Journal of Biophotonics
Original Item ID
Hypoxia and angiogenesis can significantly influence the efficacy of cancer therapy and the behavior of surviving tumor cells. There is a growing demand for technologies to measure tumor hypoxia and angiogenesis temporally in vivo to enable advances in drug development and optimization. This paper reports the use of frequency-domain photon migration with a side-firing probe to quantify tumor oxygenation and hemoglobin concentrations in nude rats bearing human head/neck tumors administered with carbogen gas, cycling hypoxic gas or just room air. Significant increase (with carbogen gas breathing) or decrease (with hypoxic gas breathing) in tumor oxygenation was observed. The trend in tumor oxygenation during forced cycling hypoxia (CH) followed that of the blood oxygenation measured with a pulse oximeter. Natural CH was also observed in rats under room air. The studies demonstrated the potential of the technology for longitudinal monitoring of tumor CH during tumor growth or in response to therapy.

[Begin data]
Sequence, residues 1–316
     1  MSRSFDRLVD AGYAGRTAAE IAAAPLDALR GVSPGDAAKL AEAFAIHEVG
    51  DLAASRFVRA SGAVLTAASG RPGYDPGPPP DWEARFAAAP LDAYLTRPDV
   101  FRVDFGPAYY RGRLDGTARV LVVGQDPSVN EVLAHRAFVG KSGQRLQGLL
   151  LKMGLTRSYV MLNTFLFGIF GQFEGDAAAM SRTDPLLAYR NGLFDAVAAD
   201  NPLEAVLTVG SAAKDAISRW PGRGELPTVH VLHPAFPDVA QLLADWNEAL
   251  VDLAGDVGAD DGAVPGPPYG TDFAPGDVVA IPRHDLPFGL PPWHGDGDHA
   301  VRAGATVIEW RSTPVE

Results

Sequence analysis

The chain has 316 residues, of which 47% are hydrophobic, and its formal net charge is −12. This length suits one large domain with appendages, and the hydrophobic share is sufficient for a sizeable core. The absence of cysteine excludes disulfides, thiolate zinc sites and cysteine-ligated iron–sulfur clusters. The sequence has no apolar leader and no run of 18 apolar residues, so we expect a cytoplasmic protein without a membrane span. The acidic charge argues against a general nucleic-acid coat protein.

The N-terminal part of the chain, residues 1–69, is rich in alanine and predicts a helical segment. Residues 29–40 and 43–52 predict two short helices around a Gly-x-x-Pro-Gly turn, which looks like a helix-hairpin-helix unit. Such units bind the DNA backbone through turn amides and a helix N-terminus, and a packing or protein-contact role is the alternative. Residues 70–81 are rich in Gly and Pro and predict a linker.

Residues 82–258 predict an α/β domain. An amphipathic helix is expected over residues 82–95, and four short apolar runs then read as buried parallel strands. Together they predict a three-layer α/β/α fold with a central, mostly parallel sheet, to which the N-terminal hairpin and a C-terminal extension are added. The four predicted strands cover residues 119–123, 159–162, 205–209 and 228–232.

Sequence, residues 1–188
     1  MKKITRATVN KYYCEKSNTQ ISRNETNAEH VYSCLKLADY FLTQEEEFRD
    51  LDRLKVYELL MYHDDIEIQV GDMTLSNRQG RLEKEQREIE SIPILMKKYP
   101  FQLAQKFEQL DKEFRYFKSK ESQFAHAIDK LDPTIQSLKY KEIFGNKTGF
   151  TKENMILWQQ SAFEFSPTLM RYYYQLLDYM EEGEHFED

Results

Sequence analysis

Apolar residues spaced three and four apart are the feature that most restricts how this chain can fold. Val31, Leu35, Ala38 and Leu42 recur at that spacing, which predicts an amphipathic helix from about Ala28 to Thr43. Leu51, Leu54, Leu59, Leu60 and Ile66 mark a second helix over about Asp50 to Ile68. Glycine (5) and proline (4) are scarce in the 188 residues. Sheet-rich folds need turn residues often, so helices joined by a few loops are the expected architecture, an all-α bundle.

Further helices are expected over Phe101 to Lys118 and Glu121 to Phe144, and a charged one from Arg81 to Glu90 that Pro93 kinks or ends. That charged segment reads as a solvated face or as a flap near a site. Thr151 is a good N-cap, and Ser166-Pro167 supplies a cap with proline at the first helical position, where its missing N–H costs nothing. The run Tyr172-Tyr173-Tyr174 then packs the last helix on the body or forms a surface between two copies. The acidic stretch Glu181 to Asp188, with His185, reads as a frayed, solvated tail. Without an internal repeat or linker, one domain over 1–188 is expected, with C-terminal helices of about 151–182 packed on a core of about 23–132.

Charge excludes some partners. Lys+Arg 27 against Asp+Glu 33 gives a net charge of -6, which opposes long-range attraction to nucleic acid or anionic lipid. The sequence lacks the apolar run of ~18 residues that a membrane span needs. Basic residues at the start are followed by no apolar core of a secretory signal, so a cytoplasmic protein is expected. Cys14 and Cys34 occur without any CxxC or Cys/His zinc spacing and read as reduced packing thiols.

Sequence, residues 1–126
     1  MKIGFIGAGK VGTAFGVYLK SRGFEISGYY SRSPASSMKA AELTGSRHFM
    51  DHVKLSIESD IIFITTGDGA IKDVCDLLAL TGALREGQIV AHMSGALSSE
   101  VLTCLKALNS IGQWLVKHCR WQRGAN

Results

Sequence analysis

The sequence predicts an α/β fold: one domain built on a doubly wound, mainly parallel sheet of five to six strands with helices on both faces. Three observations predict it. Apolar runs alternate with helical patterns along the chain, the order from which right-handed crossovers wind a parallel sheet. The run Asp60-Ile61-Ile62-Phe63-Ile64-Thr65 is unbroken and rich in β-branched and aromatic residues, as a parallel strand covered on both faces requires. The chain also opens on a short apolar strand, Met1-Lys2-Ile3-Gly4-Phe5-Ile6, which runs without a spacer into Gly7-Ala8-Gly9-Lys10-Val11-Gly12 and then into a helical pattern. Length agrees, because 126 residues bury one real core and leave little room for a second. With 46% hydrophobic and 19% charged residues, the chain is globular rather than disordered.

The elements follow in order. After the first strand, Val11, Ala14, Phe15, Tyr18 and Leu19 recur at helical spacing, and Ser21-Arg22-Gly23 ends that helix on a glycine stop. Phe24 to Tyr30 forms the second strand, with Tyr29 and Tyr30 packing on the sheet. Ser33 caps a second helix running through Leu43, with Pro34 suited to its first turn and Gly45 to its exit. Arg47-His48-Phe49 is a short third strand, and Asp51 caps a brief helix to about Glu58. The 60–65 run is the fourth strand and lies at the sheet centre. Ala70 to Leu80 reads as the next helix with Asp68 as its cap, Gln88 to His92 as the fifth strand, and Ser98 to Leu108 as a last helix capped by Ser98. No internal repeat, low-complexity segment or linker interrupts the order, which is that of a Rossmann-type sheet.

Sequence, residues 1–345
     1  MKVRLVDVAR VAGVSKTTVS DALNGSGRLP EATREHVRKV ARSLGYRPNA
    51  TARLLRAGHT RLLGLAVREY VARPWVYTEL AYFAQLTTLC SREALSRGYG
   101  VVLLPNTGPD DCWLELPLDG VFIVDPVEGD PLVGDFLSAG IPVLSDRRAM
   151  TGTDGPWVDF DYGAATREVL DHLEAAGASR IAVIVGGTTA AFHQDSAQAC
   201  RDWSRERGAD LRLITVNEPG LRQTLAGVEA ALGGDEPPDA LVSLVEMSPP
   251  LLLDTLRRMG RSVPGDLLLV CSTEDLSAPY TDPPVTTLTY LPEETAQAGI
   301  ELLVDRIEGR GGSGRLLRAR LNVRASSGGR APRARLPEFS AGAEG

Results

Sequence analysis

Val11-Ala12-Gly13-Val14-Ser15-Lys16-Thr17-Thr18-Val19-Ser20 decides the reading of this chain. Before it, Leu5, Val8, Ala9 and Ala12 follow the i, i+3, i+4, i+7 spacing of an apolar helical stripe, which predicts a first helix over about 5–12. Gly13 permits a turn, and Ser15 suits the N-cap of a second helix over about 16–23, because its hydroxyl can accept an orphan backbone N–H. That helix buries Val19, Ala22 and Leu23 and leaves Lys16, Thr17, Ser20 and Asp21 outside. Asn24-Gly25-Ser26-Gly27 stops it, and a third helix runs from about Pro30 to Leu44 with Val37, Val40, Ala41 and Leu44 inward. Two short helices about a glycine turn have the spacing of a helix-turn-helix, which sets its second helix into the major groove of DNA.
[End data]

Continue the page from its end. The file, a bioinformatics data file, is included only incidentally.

Yu, Bing; Shah, Amy; Wang, Bingqing; Rajaram, Narasimhan; Wang, Quanli; Ramanujam, Nirmala; Palmer, Gregory M.; and Dewhirst, Mark W., "Measuring Tumor Cycling Hypoxia and Angiogenesis Using a Side-firing Fiber Optic Probe" (2014). Biomedical Engineering Faculty Research and Publications. 652.
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